ST 2559

Sunday Telegraph Cryptic No 2559

A full analysis by Peter Biddlecombe

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BD Rating – Difficulty **** Enjoyment *****

I found this puzzle pretty difficult for a Sunday, or at least I got badly stuck on two crossing pairs – 1A/4D, and 25A/21D. But I enjoyed the chance to use a picture taken on my holiday, which I was already intending to send to the setter. The difficulty meant that while I was still trying to speed-solve, I entered 3 answers without fully understanding the wordplay – 15A, 17A, 13D.

Across
1 Disengage from the faithful? Awful clues result (10)
SECULARISE = “disengage from the faithful” – SECUL = anag. of ‘clues’, ARISE = result – as in “arguments can arise/result from drinking too much beer”. It was the second half that I struggled with – lacking the R from 4D, the anagram could have been at either end, so (synonym for “disengage …” + anag of SECUL = synonym for “result”) was still a possibility
6 Conservative, left of centre — what’s the catch? (4)
CHUB = fish = “catch” – C = Conservative, literally left of HUB = centre
9 London paper covering regions in distant part of world (3,4)
FAR EAST = “distant part of the world” – AREAS = regions, in the F.T., the number 1 “London paper” for cryptic clue purposes
10 Part of plot he’ll outline for play (7)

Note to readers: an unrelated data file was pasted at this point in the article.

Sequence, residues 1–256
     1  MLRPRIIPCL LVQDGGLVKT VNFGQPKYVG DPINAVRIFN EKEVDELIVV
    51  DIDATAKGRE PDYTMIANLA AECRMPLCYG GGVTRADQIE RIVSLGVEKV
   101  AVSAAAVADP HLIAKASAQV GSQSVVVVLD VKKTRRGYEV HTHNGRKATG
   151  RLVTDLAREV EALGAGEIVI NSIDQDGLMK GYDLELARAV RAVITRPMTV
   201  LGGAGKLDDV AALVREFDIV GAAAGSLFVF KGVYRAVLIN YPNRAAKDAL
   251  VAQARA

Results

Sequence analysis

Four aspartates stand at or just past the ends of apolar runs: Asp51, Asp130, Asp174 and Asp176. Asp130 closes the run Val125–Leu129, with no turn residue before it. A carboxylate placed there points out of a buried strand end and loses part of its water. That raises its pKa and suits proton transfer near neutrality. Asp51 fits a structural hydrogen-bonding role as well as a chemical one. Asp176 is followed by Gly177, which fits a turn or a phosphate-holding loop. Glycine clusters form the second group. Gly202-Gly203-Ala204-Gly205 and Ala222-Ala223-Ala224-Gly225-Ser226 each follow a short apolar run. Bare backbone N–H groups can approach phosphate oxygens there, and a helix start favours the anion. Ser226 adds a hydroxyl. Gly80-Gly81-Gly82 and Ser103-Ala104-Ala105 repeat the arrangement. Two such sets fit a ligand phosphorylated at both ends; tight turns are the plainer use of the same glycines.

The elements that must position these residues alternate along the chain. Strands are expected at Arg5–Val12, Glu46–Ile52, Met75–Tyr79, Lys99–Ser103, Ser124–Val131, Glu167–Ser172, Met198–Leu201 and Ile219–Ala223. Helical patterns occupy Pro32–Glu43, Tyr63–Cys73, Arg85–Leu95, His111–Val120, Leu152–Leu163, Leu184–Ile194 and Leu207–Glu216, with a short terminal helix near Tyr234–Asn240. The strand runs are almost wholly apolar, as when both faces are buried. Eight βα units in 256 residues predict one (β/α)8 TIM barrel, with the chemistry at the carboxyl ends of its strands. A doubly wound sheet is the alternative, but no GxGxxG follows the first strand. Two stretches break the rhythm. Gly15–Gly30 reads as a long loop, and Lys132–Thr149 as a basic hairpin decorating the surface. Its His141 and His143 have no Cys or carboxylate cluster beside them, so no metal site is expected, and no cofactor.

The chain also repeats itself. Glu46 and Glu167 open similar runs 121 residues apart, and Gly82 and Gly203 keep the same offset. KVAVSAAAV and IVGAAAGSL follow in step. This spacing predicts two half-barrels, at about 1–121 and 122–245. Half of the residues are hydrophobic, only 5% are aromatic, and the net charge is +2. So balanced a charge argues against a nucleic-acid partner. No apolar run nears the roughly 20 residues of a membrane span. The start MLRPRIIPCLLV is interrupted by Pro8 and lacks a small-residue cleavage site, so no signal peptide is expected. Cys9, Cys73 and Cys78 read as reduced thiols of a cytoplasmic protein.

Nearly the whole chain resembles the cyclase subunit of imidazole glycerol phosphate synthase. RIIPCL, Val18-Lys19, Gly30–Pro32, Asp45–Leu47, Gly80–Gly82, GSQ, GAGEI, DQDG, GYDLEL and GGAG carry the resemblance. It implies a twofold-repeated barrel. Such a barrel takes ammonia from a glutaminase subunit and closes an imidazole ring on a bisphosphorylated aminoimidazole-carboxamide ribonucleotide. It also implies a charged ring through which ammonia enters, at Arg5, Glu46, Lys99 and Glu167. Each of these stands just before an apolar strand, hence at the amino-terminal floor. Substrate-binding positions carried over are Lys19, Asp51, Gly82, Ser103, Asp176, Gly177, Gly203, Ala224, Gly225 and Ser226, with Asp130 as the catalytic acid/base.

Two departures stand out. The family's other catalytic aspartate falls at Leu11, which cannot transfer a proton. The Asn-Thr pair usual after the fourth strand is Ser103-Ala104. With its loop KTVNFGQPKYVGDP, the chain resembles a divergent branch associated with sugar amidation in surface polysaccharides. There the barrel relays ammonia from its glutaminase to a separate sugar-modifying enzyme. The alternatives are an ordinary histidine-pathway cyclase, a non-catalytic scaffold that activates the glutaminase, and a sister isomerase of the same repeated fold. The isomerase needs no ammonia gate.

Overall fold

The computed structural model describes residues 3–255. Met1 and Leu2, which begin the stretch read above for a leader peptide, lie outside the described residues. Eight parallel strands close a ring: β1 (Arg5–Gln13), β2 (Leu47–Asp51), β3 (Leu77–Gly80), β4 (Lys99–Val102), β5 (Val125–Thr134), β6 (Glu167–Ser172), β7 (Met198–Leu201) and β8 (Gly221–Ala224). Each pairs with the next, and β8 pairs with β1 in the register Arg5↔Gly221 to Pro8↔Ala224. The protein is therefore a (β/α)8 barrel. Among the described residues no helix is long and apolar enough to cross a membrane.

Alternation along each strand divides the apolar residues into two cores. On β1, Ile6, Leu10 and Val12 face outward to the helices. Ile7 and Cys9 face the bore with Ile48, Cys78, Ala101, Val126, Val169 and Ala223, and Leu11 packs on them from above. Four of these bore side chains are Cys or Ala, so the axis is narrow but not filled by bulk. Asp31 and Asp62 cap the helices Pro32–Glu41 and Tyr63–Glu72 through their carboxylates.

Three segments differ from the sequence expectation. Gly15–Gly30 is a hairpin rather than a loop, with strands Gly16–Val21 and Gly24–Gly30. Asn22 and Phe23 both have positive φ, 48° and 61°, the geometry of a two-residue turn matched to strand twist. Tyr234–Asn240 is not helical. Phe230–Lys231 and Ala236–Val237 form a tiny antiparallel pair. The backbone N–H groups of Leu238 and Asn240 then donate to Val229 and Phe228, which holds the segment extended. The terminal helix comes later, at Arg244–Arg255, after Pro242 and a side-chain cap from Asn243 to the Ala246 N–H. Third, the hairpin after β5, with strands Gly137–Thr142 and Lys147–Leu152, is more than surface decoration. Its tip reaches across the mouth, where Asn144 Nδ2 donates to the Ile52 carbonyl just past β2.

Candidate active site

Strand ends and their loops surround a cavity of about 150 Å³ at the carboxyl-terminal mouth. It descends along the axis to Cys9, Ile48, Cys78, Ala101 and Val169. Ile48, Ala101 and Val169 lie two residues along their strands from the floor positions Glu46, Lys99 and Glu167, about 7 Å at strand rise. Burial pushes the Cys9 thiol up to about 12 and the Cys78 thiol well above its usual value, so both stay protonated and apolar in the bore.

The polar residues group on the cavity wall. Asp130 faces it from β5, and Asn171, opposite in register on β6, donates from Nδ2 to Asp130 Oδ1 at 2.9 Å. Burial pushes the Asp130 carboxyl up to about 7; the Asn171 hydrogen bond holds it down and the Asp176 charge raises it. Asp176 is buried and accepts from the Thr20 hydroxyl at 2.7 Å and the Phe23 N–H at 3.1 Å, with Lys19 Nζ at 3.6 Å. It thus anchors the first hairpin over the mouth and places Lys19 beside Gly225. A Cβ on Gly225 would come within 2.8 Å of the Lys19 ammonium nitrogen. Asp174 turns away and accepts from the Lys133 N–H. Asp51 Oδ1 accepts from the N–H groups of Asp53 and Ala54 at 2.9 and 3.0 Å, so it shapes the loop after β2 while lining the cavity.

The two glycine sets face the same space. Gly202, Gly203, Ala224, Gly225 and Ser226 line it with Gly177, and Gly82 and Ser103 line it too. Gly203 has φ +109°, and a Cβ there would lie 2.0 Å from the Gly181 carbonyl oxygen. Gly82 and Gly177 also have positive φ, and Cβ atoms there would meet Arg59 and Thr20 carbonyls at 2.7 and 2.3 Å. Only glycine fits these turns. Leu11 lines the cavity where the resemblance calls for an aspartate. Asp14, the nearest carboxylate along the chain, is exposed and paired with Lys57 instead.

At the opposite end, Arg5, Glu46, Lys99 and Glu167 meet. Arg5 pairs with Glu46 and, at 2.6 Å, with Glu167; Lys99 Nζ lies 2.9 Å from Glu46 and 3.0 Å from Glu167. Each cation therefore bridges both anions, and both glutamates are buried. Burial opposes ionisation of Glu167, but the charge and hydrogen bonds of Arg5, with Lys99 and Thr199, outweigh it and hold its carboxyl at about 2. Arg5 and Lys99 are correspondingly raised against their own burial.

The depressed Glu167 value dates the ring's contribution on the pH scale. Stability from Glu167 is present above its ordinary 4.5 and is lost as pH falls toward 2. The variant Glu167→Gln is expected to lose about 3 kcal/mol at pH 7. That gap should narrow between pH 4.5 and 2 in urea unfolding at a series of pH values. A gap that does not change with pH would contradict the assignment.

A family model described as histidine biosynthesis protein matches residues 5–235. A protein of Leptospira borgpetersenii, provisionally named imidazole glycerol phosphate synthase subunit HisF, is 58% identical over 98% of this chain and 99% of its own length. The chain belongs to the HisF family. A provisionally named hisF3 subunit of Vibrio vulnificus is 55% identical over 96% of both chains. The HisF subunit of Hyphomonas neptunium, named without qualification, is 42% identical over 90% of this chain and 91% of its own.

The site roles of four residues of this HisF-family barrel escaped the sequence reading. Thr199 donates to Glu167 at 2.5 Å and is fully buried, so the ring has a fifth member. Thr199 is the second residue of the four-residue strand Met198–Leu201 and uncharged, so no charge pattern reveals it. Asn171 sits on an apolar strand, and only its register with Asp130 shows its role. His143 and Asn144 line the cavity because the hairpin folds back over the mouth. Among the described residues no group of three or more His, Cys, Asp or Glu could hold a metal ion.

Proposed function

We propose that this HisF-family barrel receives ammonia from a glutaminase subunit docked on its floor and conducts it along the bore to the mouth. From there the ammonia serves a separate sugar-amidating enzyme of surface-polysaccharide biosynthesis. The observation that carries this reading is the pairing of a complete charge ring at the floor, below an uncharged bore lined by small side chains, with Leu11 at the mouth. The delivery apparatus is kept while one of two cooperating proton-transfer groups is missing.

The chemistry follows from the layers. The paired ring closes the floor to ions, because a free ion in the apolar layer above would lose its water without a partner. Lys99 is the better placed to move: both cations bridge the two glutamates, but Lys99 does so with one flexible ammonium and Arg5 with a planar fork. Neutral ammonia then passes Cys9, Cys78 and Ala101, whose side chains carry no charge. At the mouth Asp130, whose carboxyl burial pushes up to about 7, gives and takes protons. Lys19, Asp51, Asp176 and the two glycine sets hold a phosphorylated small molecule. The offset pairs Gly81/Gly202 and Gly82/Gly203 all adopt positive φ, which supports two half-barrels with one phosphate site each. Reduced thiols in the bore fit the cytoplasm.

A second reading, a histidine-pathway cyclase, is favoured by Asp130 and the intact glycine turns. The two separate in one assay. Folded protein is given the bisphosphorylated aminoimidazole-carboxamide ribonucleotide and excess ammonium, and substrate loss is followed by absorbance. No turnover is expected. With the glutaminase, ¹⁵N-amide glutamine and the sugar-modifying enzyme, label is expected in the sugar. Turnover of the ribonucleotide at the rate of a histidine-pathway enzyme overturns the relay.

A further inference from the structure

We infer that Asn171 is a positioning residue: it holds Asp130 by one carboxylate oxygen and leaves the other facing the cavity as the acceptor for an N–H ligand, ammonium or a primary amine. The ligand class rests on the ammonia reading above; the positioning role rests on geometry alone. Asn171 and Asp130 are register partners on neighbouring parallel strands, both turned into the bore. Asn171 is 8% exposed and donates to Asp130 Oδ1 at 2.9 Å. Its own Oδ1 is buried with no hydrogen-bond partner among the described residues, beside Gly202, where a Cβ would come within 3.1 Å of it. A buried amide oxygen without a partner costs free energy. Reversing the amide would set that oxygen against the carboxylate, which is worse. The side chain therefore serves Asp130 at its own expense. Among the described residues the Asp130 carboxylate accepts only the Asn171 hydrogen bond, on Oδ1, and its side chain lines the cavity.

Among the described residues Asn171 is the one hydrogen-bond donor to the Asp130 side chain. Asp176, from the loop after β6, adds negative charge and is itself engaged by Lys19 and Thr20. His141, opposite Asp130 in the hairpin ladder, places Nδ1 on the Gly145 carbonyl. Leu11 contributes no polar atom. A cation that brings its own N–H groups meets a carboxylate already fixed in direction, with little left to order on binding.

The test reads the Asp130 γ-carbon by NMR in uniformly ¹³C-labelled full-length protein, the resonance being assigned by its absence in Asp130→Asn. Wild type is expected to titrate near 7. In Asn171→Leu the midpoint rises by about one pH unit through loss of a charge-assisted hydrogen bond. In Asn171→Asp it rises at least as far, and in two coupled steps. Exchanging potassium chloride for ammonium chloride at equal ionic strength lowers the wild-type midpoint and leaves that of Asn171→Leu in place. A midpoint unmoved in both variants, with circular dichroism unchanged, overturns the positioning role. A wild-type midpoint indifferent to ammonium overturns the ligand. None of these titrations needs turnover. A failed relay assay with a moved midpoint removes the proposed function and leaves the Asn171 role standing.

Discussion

OTHELLO – hidden word
12 Recent misbehaving by brazen footballer (6,7)
CENTRE FORWARD = footballer – CENTRE = anag. of ‘recent’, FORWARD = brazen. Bang-up-to-date Wayne Rooney surface reading
14 Not reacting about second piece put in (6)
INSERT = put in – S = second, in INERT = not reacting – my colleague dorsetjimbo at the Times blog would be delighted with this bit of science
15 New café moving a place for waiters (8)
ANTEROOM = a place for waiters (whimsically, people who wait in the most obvious sense of “wait”) – (N = new, TEAROOM = café), with the A moved
17 One making slow progress in French course — bad mark in English obtained (8)
ESCARGOT = “One making slow progress in French course” (Escargot = snail, so the course can be one at a school or a bistro.) SCAR = bad mark, in (E = English, GOT = obtained)
19 Demonstrator’s derogatory term for group (6)
SHOWER – a double def., the trickier one being “British informal a group of people perceived as incompetent or worthless”
22 Soap dispenser? (10,3)
TELEVISION SET – cryptic def made considerably easier as Mrs B was watching Eastenders when I was solving the puzzle
24 European taking journey after journey as boost for confidence (3,4)
EGO TRIP = boost for confidence – E = European, then GO and TRIP as the two journeys
25 Knowing about monarch preserving business (7)
CANNERY = “preserving business” – E.R. = monarch, in CANNY = knowing – my difficulty here was thinking of Queen ANNE as the monarch and then trying to make ??Y = knowing. I rejected FLANNERY at least twice.
26 Knowing about monarch preserving business (7)
TIFF = row – IF = provided (a Times 11D part two), in T,F = “the front, initially”
27 Desired a TV broadcast to be made known (10)
ADVERTISED = made known – anag. of “desired a TV”
Down
1 Piece of furniture not finished until now (4)